23. ^ Miller, David (2007). Modern East Asia: An Introductory History. Routledge (published December 15, 2007). p. 7-8. ISBN 978-0765618221. 
  24. ^ Walker, Hugh Dyson (2012). East Asia: A New History. AuthorHouse. p. 2. 
  25. ^ Hazen, Dan; Spohrer, James H. (2005). Building Area Studies Collections. Otto Harrassowitz (published December 31, 2005). p. 1. ISBN 978-3447055123. 
  26. ^ Richter, Frank-Jurgen (2002). Redesigning Asian Business: In the Aftermath of Crisis. Quorum Books. p. 15. ISBN 978-1567205251. 
  27. ^ Kang, David C. (2012). East Asia Before the West: Five Centuries of Trade and Tribute. Columbia University Press. pp. 33–34. ISBN 978-0231153195. 
  28. ^ Walker, Hugh Dyson (2012). East Asia: A New History. AuthorHouse. p. 2. 
  29. ^ Lewis, Mark Edward (2012). China's Cosmopolitan Empire: The Tang Dynasty. Belknap Press (published April 9, 2012). p. 156. ISBN 978-0674064010. 
  30. ^ a b Edwin O. Reischauer, "The Sinic World in Perspective," Foreign Affairs 52.2 (January 1974): 341—348. JSTOR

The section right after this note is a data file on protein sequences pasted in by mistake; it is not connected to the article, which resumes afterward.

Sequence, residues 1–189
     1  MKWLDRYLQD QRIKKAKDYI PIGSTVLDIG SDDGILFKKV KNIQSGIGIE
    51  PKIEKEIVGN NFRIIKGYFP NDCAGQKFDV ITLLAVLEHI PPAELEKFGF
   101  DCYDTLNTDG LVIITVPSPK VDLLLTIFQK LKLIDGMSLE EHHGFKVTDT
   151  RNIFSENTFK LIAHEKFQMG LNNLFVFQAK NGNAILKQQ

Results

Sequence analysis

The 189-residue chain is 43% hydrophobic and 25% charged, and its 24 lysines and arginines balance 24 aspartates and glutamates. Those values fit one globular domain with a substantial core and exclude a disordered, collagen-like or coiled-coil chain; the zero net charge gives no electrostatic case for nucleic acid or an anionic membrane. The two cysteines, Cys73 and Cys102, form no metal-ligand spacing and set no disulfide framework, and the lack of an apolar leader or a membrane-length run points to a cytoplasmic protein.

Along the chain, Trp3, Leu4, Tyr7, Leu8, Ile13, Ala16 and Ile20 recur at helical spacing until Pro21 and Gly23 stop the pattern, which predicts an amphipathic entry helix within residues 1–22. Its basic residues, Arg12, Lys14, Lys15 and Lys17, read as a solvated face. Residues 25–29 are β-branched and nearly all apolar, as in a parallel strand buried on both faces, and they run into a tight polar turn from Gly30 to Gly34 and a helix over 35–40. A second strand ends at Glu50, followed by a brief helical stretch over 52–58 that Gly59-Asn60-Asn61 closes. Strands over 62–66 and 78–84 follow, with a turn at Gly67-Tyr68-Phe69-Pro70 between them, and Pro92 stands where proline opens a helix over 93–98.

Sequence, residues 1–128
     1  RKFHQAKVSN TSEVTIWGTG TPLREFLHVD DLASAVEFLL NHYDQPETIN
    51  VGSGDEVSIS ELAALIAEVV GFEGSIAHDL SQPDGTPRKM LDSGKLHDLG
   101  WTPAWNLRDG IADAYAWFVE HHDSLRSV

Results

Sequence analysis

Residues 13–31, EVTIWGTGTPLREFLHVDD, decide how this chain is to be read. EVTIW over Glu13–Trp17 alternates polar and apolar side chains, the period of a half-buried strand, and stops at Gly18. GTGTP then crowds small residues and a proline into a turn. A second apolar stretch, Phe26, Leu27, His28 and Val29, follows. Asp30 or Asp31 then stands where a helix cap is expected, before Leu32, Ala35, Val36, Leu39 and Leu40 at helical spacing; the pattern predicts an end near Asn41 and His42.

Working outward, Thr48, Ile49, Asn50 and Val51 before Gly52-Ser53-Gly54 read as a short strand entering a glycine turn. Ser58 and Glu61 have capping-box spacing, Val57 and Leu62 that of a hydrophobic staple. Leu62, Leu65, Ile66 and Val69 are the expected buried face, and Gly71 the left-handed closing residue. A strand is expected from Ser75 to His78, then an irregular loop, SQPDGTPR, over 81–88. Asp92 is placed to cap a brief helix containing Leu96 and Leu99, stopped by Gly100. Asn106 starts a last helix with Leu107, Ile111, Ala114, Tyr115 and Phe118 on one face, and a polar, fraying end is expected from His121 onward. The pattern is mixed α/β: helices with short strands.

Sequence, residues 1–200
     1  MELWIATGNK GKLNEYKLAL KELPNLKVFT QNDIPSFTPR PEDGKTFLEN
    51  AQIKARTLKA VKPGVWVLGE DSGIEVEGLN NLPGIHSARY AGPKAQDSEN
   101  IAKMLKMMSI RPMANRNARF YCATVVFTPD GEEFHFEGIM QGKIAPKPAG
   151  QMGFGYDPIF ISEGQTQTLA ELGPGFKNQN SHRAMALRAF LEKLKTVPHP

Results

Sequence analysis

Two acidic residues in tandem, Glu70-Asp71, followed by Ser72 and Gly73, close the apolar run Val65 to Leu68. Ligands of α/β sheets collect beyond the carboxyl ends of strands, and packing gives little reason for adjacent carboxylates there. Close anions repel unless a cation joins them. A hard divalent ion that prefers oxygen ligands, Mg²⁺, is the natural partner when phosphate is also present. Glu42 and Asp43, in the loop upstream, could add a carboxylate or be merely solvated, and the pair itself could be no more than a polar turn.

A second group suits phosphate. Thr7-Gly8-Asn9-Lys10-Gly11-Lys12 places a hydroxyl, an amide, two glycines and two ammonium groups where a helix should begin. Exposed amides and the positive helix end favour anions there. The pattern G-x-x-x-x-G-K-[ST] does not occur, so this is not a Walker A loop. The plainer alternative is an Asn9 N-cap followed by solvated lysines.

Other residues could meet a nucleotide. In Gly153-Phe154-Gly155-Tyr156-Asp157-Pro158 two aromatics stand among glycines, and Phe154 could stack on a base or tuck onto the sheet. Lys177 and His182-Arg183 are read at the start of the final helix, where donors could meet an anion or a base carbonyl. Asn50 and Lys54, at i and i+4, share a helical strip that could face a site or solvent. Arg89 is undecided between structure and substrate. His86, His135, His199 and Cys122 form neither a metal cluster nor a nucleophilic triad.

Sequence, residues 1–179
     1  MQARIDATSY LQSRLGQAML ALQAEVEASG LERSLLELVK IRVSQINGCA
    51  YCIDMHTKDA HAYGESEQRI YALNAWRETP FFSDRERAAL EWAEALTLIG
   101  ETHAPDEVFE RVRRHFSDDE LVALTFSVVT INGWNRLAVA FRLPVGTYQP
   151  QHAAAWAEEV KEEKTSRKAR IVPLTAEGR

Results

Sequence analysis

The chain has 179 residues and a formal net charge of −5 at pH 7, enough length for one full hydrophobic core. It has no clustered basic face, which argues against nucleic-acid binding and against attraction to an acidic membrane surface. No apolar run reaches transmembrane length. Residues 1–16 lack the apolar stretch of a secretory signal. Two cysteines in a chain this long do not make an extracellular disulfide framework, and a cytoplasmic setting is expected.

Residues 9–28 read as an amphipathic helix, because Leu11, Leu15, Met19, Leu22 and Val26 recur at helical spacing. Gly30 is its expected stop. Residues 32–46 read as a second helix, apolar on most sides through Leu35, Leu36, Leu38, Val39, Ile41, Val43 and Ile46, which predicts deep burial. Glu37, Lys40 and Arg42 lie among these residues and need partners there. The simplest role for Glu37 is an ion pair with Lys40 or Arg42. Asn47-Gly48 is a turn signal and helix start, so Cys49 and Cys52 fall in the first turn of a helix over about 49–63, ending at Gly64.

31. ^ Lim, SK. Asia Civilizations: Ancient to 1800 AD. ASIAPAC. p. 89. ISBN 978-9812295941. 
  32. ^ Lim, SK. Asia Civilizations: Ancient to 1800 AD. ASIAPAC. p. 89. ISBN 978-9812295941. 
  33. ^ Lewis, Mark Edward (2012). China's Cosmopolitan Empire: The Tang Dynasty. Belknap Press (published April 9, 2012). p. 156. ISBN 978-0674064010. 
  34. ^ Goscha, Christopher (2016). The Penguin History of Modern Vietnam: A History. Allen Lane. ISBN 978-1846143106. 
  35. ^ Goscha, Christopher (2016). The Penguin History of Modern Vietnam: A History. Allen Lane. ISBN 978-1846143106. 
  36. ^ Goscha, Christopher (2016). The Penguin History of Modern Vietnam: A History. Allen Lane. ISBN 978-1846143106. 
  37. ^ https://www.economist.com/blogs/economist-explains/2013/10/economist-explains-7
  38. ^ Lim, SK. Asia Civilizations: Ancient to 1800 AD. ASIAPAC. p. 89. ISBN 978-9812295941.